Finding a mortgage that is right for you can be tricky, especially if you want to keep your monthly payments to a minimum.
That’s where an interest-only mortgage could be your saving grace. It promises low monthly payments, while still allowing you to purchase the home of your dreams.
If you’re unsure what an interest-only mortgage entails, keep reading!
What is an interest-only mortgage?
An interest-only mortgage is a loan that allows you to buy a property; much like any other mortgage.
However, with an interest-only mortgage, you only have to pay back the interest on the money that you’ve borrowed each month. Sounds wonderful, right?
Well, it can be useful. However, you must remember that this type of mortgage means that your monthly payments are not actually paying off your loan. So, at the end of the mortgage term you will have to find a way to pay off the original amount you borrowed, interest free, of course.
How does an interest-only mortgage work?
In short, with an interest-only mortgage, the amount of debt you have stays the same throughout the mortgage term. You pay back your loan at the end of the term, interest free.
What is the difference between a repayment mortgage and an interest-only mortgage?
When you decide to opt for a repayment mortgage, each month you pay back a small part of your loan plus interest. Therefore, by the end of the mortgage term you have paid back the entire loan.
As previously mentioned, with an interest-only mortgage you only pay back the interest on the loan each month. So, at the end of the mortgage term you must pay back the original loan amount in a lump sum.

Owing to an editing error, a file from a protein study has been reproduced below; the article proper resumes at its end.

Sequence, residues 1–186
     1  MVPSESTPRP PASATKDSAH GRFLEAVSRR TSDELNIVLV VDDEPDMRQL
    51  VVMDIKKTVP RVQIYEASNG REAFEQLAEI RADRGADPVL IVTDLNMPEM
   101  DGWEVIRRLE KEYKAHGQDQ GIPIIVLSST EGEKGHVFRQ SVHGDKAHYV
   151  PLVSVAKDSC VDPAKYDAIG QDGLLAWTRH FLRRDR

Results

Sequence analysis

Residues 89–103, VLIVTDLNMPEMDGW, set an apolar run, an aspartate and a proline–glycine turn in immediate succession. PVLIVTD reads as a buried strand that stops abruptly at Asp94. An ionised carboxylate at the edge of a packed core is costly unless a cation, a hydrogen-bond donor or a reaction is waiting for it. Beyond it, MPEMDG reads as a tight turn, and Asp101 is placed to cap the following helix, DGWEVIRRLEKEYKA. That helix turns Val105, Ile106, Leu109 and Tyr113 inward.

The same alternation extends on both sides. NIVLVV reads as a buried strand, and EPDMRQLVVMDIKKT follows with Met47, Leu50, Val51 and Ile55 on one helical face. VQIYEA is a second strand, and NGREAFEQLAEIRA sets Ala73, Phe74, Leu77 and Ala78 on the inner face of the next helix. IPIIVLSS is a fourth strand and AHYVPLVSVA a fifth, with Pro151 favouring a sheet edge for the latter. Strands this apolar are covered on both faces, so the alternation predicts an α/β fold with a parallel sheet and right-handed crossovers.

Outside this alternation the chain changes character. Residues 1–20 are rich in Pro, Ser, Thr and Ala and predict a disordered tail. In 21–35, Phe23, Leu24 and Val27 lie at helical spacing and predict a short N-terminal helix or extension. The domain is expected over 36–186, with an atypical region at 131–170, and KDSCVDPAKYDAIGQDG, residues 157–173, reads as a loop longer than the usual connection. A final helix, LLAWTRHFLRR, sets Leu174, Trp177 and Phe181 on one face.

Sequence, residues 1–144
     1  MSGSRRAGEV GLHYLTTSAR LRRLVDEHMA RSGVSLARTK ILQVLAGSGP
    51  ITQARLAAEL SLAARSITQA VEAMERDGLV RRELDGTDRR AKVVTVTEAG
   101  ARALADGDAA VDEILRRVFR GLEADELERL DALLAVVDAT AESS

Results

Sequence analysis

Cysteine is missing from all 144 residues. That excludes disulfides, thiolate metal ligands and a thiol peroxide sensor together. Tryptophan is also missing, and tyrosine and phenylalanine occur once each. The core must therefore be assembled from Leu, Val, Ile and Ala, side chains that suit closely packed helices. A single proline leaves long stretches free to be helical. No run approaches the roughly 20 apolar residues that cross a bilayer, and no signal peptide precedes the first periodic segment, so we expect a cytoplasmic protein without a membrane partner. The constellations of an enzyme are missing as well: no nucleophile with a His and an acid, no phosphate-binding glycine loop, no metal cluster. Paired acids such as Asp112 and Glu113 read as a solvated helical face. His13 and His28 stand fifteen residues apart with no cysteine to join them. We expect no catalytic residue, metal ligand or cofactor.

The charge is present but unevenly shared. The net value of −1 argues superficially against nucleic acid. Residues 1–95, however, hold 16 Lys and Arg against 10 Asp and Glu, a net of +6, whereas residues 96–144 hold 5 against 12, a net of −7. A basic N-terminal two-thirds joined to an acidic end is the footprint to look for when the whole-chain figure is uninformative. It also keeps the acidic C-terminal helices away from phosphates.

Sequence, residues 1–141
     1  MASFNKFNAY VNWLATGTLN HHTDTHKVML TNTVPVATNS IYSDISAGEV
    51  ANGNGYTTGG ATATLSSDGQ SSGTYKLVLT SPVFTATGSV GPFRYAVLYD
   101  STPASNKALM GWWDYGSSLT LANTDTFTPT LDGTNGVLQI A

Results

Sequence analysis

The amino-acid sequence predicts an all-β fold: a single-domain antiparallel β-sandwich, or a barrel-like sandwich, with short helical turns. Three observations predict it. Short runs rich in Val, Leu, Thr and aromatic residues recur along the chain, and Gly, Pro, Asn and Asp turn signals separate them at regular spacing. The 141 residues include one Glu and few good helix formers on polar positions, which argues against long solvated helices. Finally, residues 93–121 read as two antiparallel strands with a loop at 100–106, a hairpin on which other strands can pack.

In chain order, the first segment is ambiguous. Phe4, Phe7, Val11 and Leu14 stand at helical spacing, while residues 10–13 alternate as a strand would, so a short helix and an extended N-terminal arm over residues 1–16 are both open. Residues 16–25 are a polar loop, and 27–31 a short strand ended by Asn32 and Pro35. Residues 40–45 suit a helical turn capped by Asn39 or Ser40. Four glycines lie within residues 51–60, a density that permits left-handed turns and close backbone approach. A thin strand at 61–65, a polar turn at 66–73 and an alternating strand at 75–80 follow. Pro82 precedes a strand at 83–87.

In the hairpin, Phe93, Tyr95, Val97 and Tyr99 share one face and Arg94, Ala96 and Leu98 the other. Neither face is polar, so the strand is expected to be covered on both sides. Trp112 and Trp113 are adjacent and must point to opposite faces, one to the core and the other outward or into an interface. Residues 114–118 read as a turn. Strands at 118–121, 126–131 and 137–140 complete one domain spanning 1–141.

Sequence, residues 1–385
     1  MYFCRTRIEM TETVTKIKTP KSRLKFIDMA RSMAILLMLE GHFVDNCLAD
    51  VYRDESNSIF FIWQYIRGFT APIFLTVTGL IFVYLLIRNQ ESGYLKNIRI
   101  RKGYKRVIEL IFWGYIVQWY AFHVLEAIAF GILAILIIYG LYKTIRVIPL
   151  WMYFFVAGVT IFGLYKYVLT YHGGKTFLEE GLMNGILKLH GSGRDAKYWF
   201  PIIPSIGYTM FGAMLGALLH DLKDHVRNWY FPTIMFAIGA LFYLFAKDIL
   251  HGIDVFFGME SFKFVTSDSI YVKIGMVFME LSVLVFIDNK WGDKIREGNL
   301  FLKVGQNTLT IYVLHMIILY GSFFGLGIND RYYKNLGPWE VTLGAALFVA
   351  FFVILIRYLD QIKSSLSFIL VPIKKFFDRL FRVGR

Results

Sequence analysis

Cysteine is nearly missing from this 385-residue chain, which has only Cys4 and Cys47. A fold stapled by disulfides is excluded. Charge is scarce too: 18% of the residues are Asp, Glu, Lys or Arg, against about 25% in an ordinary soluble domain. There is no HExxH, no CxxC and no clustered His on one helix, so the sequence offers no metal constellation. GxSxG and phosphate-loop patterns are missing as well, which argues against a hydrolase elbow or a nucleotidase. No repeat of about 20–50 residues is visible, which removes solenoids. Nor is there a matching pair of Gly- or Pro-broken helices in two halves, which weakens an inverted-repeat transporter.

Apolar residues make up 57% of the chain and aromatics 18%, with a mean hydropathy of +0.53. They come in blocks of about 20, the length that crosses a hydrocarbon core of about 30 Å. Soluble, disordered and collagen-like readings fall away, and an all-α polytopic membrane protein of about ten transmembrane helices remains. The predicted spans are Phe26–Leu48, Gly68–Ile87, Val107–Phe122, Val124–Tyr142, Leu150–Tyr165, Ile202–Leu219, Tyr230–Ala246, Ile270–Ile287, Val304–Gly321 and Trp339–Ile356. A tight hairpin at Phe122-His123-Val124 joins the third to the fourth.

What are the advantages of an interest-only mortgage?
Interest-only mortgages have several advantages. Firstly, you will have lower monthly payments, as you are only paying back the interest of your loan. Therefore, you have more money to save and, if invested back into your home, you could seriously raise the value.
What are the disadvantages of an interest-only mortgage?
Unfortunately, an interest-only mortgage can actually cost you more in the long run. This is because with an interest-only mortgage you pay interest on the entire mortgage term. With a repayment mortgage, the amount of interest you pay normally falls over time.
Lenders believe interest-only mortgages to be much more risky than repayment mortgages, so you may find it difficult to be approved for one.
How can I get an interest-only mortgage?
In order to apply for an interest-only mortgage you will need to be able to prove that you have a workable repayment plan.
The way in which you show this could come from ISAs, cash savings or endowment policies.
Different lenders will have different criteria when it comes to interest-only mortgages, so ensure you understand what these are.
It is always vital to seek financial guidance if you are ever unsure about a mortgage. The longer you leave it, the fewer options you’ll have. Make sure to fully understand the terms of your interest-only mortgage before committing to it.